Yuliya Malinina | July 18th, 2017
“When you know what you want, you will find a way to get it.”
Ever wondered what to focus on first when starting a new project?
Discovery phase is an information-gathering process that involves digging deep into the details of what is important to the particular kind of business, the needs of the target audience, and the current trends of the industry. This phase helps figure out what goals you can achieve and what you need to focus on to achieve them.
How does it work in practice? Here is a tangible example:
At the beginning of 2014, we conducted a Discovery Study for an eCommerce client. The client had a diversified network of physical stores and was developing an advanced eCommerce solution that’s designed to sell their products online following the model of a Marketplace (like Amazon).
The client turned to us for the following consulting assistance:
- to validate the concept applied to build their Marketplace solution;
- to identify gaps in their current solution;
- to get recommendations/ideas on the prospective directions in their development and the crucial improvements for the solution.
The last point was the most valuable one for the client since they were planning to buy a system from third-party vendors that would be the core of their future Marketplace. The client’s team had not enough expertise in eCommerce to cover all the points above and to choose the best third-party system. Furthermore, the client wasn’t confident in the validity of the systems and workflows they already had.
The client had a set of advanced systems and modules that covered most aspects of the eCommerce Marketplace.
The client’s IT infrastructure included:
- SIM (Supplier Integration Module)
- PIM (Product Information Management) including Inventory Management module, Price Management module, and Image Processing module.
- CMS (Content Management System)
- CRM (Customer Relationship Management)
- ERP (Enterprise Resource Planning)
- OMS (Order Management System)
- WMS (Warehouse Management System)
- Payment Gateway
- Customer Service
- Fraud Detection
- Email Platform
- Web Analytics
Many areas of the client’s Marketplace were covered well by features and workflows. The following parts of eCommerce Marketplace were already well-developed:
- Product matching and catalog syndication, including product content management.
- Price management rules and alerts/validations.
- Publishing a significant volume of content/price/inventory data to Frontend.
- Automatic order routing and the entire order management process.
- Support for multiple websites on the Frontend side.
After careful review, we identified two areas that were not advanced enough and could hinder the development of the client’s Marketplace in the future:
- Low automation in supplier integration and insufficient integration visibility for suppliers.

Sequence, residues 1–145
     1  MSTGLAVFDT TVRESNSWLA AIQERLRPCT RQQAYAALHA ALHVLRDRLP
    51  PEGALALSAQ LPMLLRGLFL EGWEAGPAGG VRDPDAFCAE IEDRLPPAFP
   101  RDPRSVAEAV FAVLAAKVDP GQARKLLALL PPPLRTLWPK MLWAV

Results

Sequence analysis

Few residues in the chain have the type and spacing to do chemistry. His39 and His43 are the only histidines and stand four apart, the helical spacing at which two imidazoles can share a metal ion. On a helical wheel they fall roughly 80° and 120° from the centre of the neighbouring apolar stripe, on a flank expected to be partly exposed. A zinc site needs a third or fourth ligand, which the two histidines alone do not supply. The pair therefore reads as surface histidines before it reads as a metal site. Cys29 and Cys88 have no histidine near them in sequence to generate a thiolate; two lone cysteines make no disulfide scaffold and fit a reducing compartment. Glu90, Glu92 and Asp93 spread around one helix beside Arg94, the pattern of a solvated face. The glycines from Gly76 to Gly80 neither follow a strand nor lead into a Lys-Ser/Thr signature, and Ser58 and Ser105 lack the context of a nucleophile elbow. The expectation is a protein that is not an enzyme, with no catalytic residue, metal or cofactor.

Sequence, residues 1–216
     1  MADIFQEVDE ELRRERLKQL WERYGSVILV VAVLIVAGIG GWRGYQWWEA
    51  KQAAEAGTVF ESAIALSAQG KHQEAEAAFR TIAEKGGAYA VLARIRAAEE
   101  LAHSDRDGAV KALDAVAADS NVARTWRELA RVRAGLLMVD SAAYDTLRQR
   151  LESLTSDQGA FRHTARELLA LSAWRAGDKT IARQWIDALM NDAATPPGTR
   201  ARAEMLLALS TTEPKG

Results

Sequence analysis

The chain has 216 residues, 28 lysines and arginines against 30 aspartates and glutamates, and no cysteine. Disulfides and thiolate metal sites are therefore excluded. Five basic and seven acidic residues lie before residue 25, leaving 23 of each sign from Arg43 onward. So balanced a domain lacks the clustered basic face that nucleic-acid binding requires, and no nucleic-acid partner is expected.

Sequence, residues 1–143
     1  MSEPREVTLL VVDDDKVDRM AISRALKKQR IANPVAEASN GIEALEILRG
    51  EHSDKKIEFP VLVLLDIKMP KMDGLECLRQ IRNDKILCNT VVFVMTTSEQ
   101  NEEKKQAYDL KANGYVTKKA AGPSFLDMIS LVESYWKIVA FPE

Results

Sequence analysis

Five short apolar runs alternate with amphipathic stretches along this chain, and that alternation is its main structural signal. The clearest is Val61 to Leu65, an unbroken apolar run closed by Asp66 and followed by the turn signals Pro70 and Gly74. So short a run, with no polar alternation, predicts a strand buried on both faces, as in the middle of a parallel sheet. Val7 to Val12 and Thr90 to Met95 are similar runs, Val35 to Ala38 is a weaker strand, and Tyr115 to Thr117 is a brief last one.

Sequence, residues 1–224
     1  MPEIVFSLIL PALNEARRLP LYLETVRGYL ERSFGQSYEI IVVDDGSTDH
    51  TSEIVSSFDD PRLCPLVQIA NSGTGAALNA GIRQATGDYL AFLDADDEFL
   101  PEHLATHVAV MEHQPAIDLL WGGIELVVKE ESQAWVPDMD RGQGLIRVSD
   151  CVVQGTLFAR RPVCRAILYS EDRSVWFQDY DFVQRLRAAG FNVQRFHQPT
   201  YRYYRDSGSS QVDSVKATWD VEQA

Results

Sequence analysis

- Non-optimal selling model chosen to build Frontend: Owner Branded model was used; the best recommended was Supplier Branded.
According to our first recommendation a fully fledged Supplier Portal solution was needed. The solution could be based on the functionality and workflows that the client already had, but the main goals were to: a) minimize manual work; b) provide more function visibility to suppliers within the interaction.
Here are the key aspects of Supplier Portal that we recommended to develop/improve vs what the client had before:
- Easy onboarding for new suppliers (including Amazon and eBay feeds integration);
- Workflows to monitor the onboarding process and activity status for every supplier;
- Generic supplier PIM and Offer Management, including pricing/inventory controls/thresholds;
- Supplier Order Management with reverse logistic support;
- Settlement/reconciliation/invoicing visible for suppliers and available for management;
- Supplier ranking and selling activity monitors for Marketplace staff on the client side.
Supplier-Branded Frontend was the second recommendation that would upgrade the client’s Marketplace for future growth and satisfy eCommerce top standards:
- Customers see the names of the suppliers who offer a certain product:
- when a customer places an order, he/she selects a supplier who will fulfill the order (considering the price and shipping conditions of every supplier), and then, the marketplace system routes the order to the supplier;
- a customer can view the supplier’s rank and statistics (to choose the best supplier for each order);
- a customer can provide feedback on the supplier’s work and communicate with the supplier’s support team in case of problems.
- Suppliers deliver items in their own packaging. Returns are sent back to the supplier.
The recommendations above helped to define the following priority goals:
- Taxonomy building;
- Advanced matching rules and more flexible matching automation;
- Catalog syndication simplification;
- Supplier restrictions and real-time validations;
- Real-time offer management directly in Frontend (for price/inventory mistakes) and special offers (like the Buy Box winner);
- Offers from suppliers with no product content;
- Supervision of order management and order rerouting in special cases;
- RMA and refunds/returns best practice;
- KPI for suppliers.